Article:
One standout example of a difference between the film and reality is in regards to the courtroom treatment of defendant Bobby Seale. Believe it or not, as horrible as the events depicted in the movie are, Seale’s treatment was even worse in real life.
In Aaron Sorkin’s version of events, Seale is severed from the case against the Chicago 7 just minutes after being chained to a chair and gagged, but things didn’t play out that quickly in the real case. Seale actually spent multiple days sitting in court in those restraints before William Kunstler’s pleas against it were heard. Judge Hoffman also tried to sentence the Black Panther co-founder to four years in prison for contempt of court, but that was overruled on appeal.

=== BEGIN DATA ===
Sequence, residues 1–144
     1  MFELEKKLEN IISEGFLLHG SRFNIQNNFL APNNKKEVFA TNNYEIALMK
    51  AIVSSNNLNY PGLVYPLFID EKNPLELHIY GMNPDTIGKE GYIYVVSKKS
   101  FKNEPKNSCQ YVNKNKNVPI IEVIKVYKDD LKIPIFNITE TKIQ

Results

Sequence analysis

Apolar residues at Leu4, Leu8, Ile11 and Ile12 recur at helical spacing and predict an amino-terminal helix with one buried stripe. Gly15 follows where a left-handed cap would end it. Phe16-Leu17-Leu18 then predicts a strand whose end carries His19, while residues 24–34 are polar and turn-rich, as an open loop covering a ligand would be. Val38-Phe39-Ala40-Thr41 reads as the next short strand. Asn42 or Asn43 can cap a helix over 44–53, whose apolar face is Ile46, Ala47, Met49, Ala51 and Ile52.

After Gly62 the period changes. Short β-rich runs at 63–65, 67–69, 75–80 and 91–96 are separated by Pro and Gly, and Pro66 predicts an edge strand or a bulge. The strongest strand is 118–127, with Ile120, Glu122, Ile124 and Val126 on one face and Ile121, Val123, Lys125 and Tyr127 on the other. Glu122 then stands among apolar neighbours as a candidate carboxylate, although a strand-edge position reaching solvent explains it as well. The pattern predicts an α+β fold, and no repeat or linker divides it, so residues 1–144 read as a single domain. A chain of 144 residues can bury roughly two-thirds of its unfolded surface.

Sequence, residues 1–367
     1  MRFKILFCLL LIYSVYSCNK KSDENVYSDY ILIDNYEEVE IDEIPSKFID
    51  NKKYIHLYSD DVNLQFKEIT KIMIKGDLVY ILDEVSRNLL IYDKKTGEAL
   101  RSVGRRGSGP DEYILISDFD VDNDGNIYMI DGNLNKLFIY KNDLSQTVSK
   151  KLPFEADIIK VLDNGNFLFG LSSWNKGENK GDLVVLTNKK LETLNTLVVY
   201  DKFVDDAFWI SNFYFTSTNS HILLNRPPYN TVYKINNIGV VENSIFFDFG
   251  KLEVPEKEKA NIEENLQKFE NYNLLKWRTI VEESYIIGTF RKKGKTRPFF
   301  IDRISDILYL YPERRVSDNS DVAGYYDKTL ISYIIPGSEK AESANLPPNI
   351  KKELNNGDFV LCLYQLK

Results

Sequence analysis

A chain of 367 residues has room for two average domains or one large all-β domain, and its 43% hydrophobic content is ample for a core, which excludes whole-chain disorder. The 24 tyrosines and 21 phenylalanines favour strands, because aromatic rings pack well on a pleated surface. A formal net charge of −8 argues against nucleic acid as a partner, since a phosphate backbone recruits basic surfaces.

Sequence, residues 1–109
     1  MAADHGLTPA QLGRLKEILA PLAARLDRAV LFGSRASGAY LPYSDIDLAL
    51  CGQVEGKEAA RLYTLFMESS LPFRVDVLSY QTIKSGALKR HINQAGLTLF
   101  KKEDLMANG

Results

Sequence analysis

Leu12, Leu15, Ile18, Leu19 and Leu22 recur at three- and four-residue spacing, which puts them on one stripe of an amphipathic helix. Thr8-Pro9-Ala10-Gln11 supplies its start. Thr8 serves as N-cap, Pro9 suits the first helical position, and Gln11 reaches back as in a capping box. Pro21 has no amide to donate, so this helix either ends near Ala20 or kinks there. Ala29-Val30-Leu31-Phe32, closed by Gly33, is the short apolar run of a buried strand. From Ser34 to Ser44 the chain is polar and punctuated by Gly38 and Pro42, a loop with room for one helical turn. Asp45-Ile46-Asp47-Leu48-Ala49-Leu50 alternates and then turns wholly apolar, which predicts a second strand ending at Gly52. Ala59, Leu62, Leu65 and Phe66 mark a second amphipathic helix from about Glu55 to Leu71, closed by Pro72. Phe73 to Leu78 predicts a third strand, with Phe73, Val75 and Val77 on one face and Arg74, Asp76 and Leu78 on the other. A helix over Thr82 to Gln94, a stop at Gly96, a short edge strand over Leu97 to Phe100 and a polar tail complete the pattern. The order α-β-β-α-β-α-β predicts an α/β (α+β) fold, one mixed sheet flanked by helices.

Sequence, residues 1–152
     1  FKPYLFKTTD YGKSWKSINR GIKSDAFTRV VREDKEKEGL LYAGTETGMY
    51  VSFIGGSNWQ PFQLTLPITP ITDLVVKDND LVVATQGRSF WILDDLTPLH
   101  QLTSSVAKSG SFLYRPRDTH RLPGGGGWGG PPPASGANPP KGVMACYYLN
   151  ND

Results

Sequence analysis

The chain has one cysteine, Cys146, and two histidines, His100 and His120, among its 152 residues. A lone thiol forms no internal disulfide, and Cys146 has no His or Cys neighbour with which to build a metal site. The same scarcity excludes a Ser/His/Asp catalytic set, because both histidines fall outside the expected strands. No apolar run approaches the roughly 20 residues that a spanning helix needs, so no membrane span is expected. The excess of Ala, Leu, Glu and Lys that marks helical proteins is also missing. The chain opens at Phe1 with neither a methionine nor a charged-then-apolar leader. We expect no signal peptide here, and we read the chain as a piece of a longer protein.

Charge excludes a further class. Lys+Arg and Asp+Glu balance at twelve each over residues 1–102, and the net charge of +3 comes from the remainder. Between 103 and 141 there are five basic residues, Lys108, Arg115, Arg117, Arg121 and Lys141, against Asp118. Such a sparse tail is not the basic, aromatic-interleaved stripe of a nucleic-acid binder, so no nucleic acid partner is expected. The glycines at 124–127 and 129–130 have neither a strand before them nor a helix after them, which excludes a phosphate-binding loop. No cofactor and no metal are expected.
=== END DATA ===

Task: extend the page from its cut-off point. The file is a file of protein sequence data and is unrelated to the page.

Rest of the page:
All that being said, The Trial Of The Chicago 7 might not be a perfect representation of history, but for the most part it is accurate. Some of the more outlandish details, such as Abbie Hoffman and Jerry Rubin arriving to court in police uniforms cloaked in judges robes, are taken straight from the true story, as is the key portion of the film where former Attorney General Ramsey Clark is forbidden from providing testimony in front of a jury.